Canagarajah’s Model of Translingualism
Theories for describing, analyzing, and predicting the spread of English around the world have constantly undergone evolution and scholarly debate. In his book Translingual Practice: Global Englishes and Cosmopolitan Relations (2013), Suresh Canagarajah outlines his argument for how English should analyzed as a translingual practice. In chapter four of the book, “English as Translingual,” Canagarajah offers his critique of major theories of English as a global language, including “World Englishes” (WE), “English as an International Language” (EIL), and “English as a Lingua Franca” (ELF). In opposition to these models, Canagarajah challenges the analytical focus of categorizing, classifying, and defining the seemingly endless varieties of English. Instead, he argues that a “more productive undertaking is to identify the processes underlying the construction of all these varieties” (59). He believes that previous models have focused too much on the “product” of varietal Englishes. As he puts it, “These models end up reifying each variety, limiting further changes, and preventing us from being open to studying further diversification. The focus on the product also takes away our attention from the processes of contact, mobility, and sedimentation that underlie these varieties. It also prevents us from understanding the dynamics of meaning-making practices” (56). In other words, models like Kachru’s Inner/Outer/Expanding Circle fail to account for the fact that English is primarily a “contact language” (56).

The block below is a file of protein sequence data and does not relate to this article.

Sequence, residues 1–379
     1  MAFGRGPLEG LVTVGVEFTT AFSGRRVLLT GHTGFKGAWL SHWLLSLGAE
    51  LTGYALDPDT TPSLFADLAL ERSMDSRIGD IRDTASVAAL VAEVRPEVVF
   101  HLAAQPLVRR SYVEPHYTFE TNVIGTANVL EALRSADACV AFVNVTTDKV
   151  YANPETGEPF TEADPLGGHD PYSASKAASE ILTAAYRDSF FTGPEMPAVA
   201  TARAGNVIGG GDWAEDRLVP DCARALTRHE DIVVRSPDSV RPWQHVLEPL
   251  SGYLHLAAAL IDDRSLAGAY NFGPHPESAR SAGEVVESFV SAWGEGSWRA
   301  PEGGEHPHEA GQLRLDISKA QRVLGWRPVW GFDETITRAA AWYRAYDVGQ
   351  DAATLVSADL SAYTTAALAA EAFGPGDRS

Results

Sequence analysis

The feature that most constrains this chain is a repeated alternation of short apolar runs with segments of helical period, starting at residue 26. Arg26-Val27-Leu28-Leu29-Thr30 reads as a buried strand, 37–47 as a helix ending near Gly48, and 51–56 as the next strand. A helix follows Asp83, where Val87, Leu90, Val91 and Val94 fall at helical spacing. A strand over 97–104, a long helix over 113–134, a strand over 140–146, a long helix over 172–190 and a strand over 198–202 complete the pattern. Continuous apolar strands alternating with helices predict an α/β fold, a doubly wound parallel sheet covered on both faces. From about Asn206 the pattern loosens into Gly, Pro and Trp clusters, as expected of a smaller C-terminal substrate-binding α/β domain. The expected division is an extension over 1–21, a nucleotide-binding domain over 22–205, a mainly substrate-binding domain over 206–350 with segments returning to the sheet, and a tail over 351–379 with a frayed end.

Canagarajah complicates Kachru’s “circle” theory by articulating how interactions within the circle and at the borders of the circles require an analytical frame of English as a “communicative practice” rather than as “stable [varieties]” (69). He gives an interesting example of two individuals who have to engage in meaning-making practices in order to communicate effectively about a large order of cheese. Canagarajah’s analysis of how they negotiate power dynamics in order to communicate focused heavily on the use of the word “blowing.” He claims that “from a semiotic perspective, even the use of the same form or vocabulary item in a different context may take new indexicality” (69). In other words, the use of the word “blowing” pointed to a new, contingent referent. Considering contemporary semiotic theory suggests that the signifier/signified relationship can never have prescriptive 1:1 matches, this example lends credibility to the notion that what happens in the “contact zones” of language should be a focal point for understanding how English works in communicatative situations.